Currie was all over the decade, fought in four British title fights, three times as a challenger. One night in September 1985 he won the title at Alexandra Pavilion in a bad, bad fight against Funso Banjo, who was never much of a mover. Big Banjo risked being evicted that night for not trying and Currie was busy enough to deserve the win. It was a heavy affair to watch, typical of the time, and some of the criticism from the national and trade press would lead to a ban today. It was savage.
“I was not in boxing for love – I was in boxing for money, it’s that simple,” Currie said before his British title fight. Banjo was the man-mountain – he moved slightly faster – and he carried the expectation. It was a burden for the big lad. Currie made some cash, but there was more out there. Bruno was big, big news at that time, would win the European title a few weeks later and Currie could dream. He was wasting his time, Big Frank was not interested.
A few months later, Currie lost the British heavyweight title to Horace Notice at the Palace Lido on the Isle of Man. Notice was unbeaten in just nine fights at the time and is perhaps the most enigmatic of the champions from the Eighties. He made three British title defences, all by stoppage and was forced to quit with retina damage in 1988, finishing with 16 wins and no losses. He had agreed, when he was made to quit with damage to both eyes, a career-high 50,000 quid European title fight. Instead, he was with Derek Williams in May 1990 when a riot started in the 12th round of the Jean Chanet and Williams European title fight in Paris; Williams lost, was blinded by a substance smeared on Chanet’s body and in the ruck Notice was hit over the head with a chair. He got nothing for that European fight – that is a sob story, that is just cruel.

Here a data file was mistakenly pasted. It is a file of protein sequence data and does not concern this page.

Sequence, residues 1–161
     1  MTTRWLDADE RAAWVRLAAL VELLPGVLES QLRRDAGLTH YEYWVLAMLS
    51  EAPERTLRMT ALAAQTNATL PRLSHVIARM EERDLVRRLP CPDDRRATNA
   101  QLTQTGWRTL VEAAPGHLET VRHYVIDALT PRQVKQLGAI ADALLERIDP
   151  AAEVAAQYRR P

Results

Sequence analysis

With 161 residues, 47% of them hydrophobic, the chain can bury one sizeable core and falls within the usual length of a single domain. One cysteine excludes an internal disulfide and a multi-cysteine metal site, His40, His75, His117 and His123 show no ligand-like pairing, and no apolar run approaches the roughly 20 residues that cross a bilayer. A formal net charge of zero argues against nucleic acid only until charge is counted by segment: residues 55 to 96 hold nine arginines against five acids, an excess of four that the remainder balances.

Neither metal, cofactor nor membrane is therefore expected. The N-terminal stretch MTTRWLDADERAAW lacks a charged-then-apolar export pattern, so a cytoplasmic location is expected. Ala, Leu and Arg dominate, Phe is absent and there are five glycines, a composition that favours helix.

Notice’s last fight was a defence at York Hall against Currie, this time the Catford man was finished in ten rounds. Currie always had fans – they had clashed with Banjo’s boys when they fought – and they came out for one final British title fight at the Royal Albert Hall in January 1989. Notice was gone, his gym-mate Mason was in and he stopped Currie. It was nearly the end for Hughroy.
Mason finished the decade by knocking out Jess Harding in two rounds for the title, then lost the British crown to Lennox Lewis in 1991; Mason suffered an eye injury in that fight and was banned from boxing in Britain. He finished up in 1994 winning twice in America; he then vanished, drove a taxi, wore a security jumper and dreamed of what he lost. Lewis was the only man to beat him in 38 fights.
One early, freezing morning in January 2011 Mason, riding a bike, was hit by a van. He died at just 48. The heavyweights he knew and fought from the Eighties filled the church, Lewis up the front and the other survivors standing and sitting. It was an unforgiving requiem for a heavyweight and a decade. I delivered a eulogy that broke my heart.
Meade, Pearce, Mason and now Currie, all dead, all too young and all ignored for too long. Notice’s career finished too early – it was a hard, brutal time and there was absolutely no mercy for British heavyweights in the Eighties. They are our very own Lost Generation.